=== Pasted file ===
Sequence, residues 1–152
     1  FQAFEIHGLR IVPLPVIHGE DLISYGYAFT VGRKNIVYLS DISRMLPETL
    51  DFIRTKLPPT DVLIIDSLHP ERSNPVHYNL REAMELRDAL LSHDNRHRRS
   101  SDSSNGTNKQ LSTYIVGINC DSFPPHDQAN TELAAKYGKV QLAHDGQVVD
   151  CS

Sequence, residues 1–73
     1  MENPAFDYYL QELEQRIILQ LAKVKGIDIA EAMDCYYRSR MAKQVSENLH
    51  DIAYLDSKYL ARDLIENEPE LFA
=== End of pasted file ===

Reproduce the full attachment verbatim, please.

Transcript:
Sequence, residues 1–152
     1  FQAFEIHGLR IVPLPVIHGE DLISYGYAFT VGRKNIVYLS DISRMLPETL
    51  DFIRTKLPPT DVLIIDSLHP ERSNPVHYNL REAMELRDAL LSHDNRHRRS
   101  SDSSNGTNKQ LSTYIVGINC DSFPPHDQAN TELAAKYGKV QLAHDGQVVD
   151  CS

Sequence, residues 1–73
     1  MENPAFDYYL QELEQRIILQ LAKVKGIDIA EAMDCYYRSR MAKQVSENLH
    51  DIAYLDSKYL ARDLIENEPE LFA